Thursday, March 23, 2017

Veni, Vidi,... Scripsit?

I might seem uninterested, but I observe.  It is very much a part of my approach to a Socratic examined life.  Well, how can one live an examined life without observing, right?

To observe is immensely more than to merely see.  We laugh at the funny instances that are presented in observational comedy because the comedian observed something in the real world, which we may or may not have paid attention to, and then the comedian pokes fun at it.  Observation is the point of departure in that genre of comedy.

Observation, paying attention, is integral to how I understand the world.  Not merely whatever that surrounds me, but also what others tell me--even via the written word.  Especially the written word--it is my professional responsibility:
What a writer is supposed to do is pay attention. A good novelist pays attention to his characters. A good biographer pays attention to the documents before her. A good critic pays close attention to the thing she’s brought to evaluate.
Paying attention is the only thing that guarantees insight. It is the only real weapon we have against power, too. You can’t fight things you can’t actually see. The power a writer has is the power to make things visible, and they are the things that we don’t typically look at or think about.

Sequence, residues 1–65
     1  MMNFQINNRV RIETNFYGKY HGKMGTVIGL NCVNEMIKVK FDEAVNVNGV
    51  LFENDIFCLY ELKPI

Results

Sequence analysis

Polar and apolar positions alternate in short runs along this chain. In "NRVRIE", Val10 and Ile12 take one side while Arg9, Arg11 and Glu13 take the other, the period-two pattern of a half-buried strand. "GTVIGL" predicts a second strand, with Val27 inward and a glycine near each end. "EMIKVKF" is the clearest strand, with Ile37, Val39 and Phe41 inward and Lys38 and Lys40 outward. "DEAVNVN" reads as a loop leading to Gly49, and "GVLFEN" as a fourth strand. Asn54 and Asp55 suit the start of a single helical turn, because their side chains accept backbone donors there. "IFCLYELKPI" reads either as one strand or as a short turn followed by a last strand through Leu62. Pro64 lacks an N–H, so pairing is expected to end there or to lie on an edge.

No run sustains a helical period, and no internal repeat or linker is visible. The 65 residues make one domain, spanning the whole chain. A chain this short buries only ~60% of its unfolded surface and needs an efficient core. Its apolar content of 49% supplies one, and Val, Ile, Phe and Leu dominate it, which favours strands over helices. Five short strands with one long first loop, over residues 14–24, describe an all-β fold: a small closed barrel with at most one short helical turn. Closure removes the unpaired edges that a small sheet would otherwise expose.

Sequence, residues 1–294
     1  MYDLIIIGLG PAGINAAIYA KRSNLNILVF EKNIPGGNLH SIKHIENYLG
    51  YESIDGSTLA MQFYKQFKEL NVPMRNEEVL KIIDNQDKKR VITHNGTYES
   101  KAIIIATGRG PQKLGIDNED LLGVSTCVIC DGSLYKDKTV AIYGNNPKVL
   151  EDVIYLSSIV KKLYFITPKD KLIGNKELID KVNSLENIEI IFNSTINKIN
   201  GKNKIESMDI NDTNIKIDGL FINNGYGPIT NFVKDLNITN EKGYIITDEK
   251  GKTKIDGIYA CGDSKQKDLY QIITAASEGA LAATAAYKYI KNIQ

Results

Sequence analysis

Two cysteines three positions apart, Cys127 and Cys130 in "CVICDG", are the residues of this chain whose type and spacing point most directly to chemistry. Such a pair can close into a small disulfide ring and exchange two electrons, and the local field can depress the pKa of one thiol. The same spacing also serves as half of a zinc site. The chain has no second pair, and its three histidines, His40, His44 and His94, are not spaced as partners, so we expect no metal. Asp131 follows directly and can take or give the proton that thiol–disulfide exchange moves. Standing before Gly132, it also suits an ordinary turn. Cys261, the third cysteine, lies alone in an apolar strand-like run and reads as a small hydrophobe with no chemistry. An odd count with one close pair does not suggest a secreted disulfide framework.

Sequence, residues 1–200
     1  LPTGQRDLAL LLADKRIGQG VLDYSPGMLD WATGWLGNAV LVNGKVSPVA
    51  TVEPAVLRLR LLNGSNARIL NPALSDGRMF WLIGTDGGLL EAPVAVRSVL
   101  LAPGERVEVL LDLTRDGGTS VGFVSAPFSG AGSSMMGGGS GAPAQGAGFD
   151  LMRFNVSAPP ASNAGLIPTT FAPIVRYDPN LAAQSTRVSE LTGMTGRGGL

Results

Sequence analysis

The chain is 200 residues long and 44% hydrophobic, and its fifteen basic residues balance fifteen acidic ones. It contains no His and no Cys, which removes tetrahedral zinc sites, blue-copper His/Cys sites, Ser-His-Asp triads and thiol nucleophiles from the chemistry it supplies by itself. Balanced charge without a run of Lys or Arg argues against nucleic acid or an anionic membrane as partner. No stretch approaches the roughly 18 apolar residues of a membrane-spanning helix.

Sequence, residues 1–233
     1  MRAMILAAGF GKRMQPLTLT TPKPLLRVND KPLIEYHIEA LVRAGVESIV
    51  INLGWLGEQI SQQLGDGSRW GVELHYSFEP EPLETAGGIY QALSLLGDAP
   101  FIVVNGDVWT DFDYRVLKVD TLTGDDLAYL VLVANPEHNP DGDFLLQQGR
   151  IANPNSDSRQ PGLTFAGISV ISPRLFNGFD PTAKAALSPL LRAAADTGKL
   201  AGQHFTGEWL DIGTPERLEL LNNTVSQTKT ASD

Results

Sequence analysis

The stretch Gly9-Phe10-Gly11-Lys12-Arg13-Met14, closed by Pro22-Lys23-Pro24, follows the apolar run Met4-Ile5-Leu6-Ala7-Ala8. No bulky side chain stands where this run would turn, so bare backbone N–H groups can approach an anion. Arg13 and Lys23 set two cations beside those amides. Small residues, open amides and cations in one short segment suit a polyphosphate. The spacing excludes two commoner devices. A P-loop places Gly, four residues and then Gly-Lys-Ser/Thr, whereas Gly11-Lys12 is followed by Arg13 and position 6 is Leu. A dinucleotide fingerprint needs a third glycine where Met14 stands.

Even in my own small little world.  The other day, I was on the bridge over the river enjoying the rare sun-break, when a guy walked up to me.  In his bicycle gear from head to toe.  I then spotted the bike parked a few feet away.

"Are you by any chance Sriram Khe? Who writes for the paper?," he asked.

He looked about 65.  With a thick mustache.  A white guy with a mustache is rare.

"Yes, I am."

He slowly took his gloves off.  I watched him do that.

"I'm so glad I stopped.  I have seen you many times on the bike path.  I want to shake your hands and thank you for your columns."  His glove-less hands came out.

"I really like how you bring in the personal touch, relating to India and your family and friends," he added.

I now think about his comments as I re-read: "The power a writer has is the power to make things visible, and they are the things that we don’t typically look at or think about."  I suppose in my own way I made him see things that he might not have thought about otherwise?

As I get older, I wonder if I have a responsibility to make more people think about things that I want them to think about.  Or, should I forget the world and merely carry on with talking things aloud to myself and occasionally speaking to a few other people?  Do I owe anybody anything?  Is the examined life only about me, or should I attempt to bug everybody I run into like how Socrates did?

I will pay attention; I am sure the answer is blowing in the wind.

2 comments:

Ramesh said...

Oh - what a precious and wonderful tribute from the biker. It is those moments that must surely reinforce the value of what you do.

Sriram Khé said...

Indeed ... it is an awesome validation that I am on a constructive (bike) path

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